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Disaster Risk Preparedness & Management: Cavinato - II

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  • 1. ASSESSMENT ANALYSIS OF SEISMOLOGIC RISK AND GEOHAZARD VULNERABILITY OF FIRST LEVEL IN MAJOR CULTURAL HERITAGE SITES OF ALBANIA Gian Paolo Cavinato (*), Llambro Duni (**), Massimiliano Moscatelli (*), Iris Pojani (**), Maurizio Simionato (*), Giuseppe Cosentino (*), Alessandro Pagliaroli (*) (*) CNR- Istituto di Geologia Ambientale e Geoingegneria, Rome, Italy (**) University of Tirana, AlbaniaConference on Disaster Risk Preparedness and Management in Cultural Heritage Sites Berat, 8th May 2012
  • 2. ASSESSMENT ANALYSIS OF SEISMOLOGIC RISK AND GEOHAZARD VULNERABILITY OF FIRST LEVEL IN MAJOR CULTURAL HERITAGE SITES OF ALBANIA Contributions • Historical and archaeological assessment (Iris Pojani) • Regional seismic hazard assessment (Llambro Duni) • Local seismic hazard assessment (CNR-IGAG work group)Conference on Disaster Risk Preparedness and Management in Cultural Heritage Sites. Berat, 8th May 2012
  • 3. Risk preparedness in CH sites Risk = Hazard x Elements at risk x Vulnerability from Managing Disaster Risks (UNESCO 2010)Conference on Disaster Risk Preparedness and Management in Cultural Heritage Sites. Berat, 8th May 2012
  • 4. Risk preparedness in CH sites from Managing Disaster Risks (UNESCO 2010)Conference on Disaster Risk Preparedness and Management in Cultural Heritage Sites. Berat, 8th May 2012
  • 5. from Managing Disaster Risks (UNESCO 2010)Conference on Disaster Risk Preparedness and Management in Cultural Heritage Sites. Berat, 8th May 2012
  • 6. Seismic hazard - Foreword • Surface effects due to an earthquake propagation are related to several physical phenomena, that can be summarized in three groups as: 1) source mechanism; 2) propagation of seismic waves; 3) site effects. • When seismic waves propagate from a source, their amplitudes, frequencies, and durations are modified due to local conditions. These “modifications” are globally defined as site effects or local seismic response. • Modifications of the seismic input for a specific site are defined in comparison to a seismic bedrock, where the seismic signal is assumed to be unmodified. This seismic bedrock is generally located below the ground surface and underlies the covering geological formations inducing site effects. • Seismic response can be defined for several sites and a map grouping zones whit homogeneous site effects can be produced: this is the seismic microzonation. • Seismic microzonation in urban areas is a tool suitable for planners and decision makers. Moreover, the seismic action calculated for significant monuments is useful for consolidation works.Conference on Disaster Risk Preparedness and Management in Cultural Heritage Sites. Berat, 8th May 2012
  • 7. REGIONAL SEISIMC HAZARD IN ALBANIA Albania is characterized from an intensive seismic microactivity (1.0<M≤3.0), from many small earthquakes (3.0<M≤5.0), from rare medium-sized earthquakes (5.0<M≤ 7), and very seldom from strong earthquakes (M>7.0). CH sitesConference on Disaster Risk Preparedness and Management in Cultural Heritage Sites. Berat, 8th May 2012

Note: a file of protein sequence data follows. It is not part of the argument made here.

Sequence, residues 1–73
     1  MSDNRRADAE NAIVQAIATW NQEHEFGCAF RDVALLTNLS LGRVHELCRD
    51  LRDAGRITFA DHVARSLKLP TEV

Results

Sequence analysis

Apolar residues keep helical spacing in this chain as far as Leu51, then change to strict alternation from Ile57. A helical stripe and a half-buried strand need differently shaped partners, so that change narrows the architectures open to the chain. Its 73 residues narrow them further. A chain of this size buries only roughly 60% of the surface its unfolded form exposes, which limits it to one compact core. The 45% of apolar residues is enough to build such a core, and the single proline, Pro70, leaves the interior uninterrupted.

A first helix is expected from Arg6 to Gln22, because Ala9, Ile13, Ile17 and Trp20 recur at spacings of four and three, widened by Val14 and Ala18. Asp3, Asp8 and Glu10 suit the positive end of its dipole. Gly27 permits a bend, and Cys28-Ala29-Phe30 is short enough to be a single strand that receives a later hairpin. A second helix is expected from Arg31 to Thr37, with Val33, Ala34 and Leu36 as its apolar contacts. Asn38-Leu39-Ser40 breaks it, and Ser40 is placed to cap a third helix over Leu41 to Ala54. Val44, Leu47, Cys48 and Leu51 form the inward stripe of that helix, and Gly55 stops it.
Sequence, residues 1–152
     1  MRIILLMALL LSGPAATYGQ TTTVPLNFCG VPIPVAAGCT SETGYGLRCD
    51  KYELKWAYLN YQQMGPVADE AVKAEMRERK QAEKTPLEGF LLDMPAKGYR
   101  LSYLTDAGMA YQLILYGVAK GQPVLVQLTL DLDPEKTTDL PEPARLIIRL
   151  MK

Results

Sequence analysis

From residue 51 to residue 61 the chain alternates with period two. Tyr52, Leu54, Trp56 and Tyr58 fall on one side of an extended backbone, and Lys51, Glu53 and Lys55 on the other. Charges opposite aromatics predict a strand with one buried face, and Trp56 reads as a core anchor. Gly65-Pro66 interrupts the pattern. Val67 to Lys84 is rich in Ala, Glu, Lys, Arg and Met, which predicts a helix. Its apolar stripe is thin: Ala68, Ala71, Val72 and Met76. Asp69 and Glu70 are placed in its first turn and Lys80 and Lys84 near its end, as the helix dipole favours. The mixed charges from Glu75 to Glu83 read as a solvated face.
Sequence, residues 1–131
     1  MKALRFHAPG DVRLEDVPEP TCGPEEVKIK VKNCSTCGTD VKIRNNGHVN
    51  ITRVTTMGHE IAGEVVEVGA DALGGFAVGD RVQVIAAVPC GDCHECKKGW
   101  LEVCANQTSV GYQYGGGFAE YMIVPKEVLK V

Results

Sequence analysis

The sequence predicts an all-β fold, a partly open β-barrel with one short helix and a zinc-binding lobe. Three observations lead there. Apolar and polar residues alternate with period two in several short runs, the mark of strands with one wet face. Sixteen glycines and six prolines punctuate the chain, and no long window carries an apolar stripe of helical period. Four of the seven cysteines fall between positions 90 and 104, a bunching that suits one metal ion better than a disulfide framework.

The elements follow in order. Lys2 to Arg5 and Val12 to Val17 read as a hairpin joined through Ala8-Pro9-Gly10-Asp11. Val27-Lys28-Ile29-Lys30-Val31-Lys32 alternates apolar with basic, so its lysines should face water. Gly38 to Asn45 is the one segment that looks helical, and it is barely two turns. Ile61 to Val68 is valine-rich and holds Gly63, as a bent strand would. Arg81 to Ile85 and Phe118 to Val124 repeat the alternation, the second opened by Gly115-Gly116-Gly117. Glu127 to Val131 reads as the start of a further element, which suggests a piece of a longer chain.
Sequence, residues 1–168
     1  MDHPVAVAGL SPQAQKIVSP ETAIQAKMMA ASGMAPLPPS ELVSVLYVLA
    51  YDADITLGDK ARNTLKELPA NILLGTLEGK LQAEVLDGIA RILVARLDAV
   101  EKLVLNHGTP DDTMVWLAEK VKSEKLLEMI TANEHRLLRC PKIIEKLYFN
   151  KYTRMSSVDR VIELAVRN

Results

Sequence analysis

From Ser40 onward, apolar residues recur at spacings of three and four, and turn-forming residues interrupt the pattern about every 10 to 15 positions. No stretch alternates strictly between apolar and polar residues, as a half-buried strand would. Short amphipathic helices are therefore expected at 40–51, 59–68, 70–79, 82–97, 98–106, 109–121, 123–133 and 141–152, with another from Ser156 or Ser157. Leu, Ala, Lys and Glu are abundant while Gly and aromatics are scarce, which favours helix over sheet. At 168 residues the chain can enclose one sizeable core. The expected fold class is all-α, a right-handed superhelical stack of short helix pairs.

• 8. Seismic microzonation LOCAL SEISIMC HAZARD The seismic microzonation studies are aimed at streamlining the EVALUATION knowledge of local seismic hazard, returning useful information for: When seismic • guiding the choice of areas for new settlements; waves • planning investigations and levels of detail; propagate from a source, their • establishing guidelines and criteria of interventions in urban areas and amplitudes, CH sites. frequencies, and durations • defining priorities for interventions. are modified In retrofitting of existing infrastructures or monuments, seismic due to local conditions. microzonation studies highlight the importance of phenomena such as These possible amplification of shaking and permanent deformation. “modifications” are globally Following the Italian "Addresses and Criteria for Seismic Microzonation" defined as site (ICMS, 2008), the levels of analysis for studies of seismic microzonation effects or local seismic increase in complexity and effort going from level 1 to level 3: response. • level 1 is an introductory level designed to divide the territory into seismic microzones qualitatively “homogeneous” in seismic perspective; • levels 2 and 3 produces a quantitative map of seismic microzonation, by means of numerical simulations.Conference on Disaster Risk Preparedness and Management in Cultural Heritage Sites. Berat, 8th May 2012
  • 9. Seismic microzonation of level 1 LOCAL SEISIMC HAZARD How is created? EVALUATION The input information can be summarized as follow: When seismic 1) topographic (e.g., maps and Digital Terrain Models) and waves propagate from geomorphological (e.g., escarpments and landslides) information ; a source, their 2) geological maps with information on litho-type, i.e., “different kinds of amplitudes, frequencies, rocks or terrains”; and durations 3) already available geological, geotechnical, and geophysical are modified due to local information from boreholes and other in situ tests; conditions. 4) thickness of soft geological formations covering the seismic bedrock; These “modifications” 5) evaluation of the seismic bedrock depth from noise measurements. are globally defined as site effects or local What is on the map? seismic response. • Stable zones, where significant local effects of any nature are unlikely. • Stable zones susceptible to local amplifications, where intensifications of ground motion are likely. • Zones susceptible to geological instability, in which the predominant and expected seismic effects are due to permanent deformations.Conference on Disaster Risk Preparedness and Management in Cultural Heritage Sites. Berat, 8th May 2012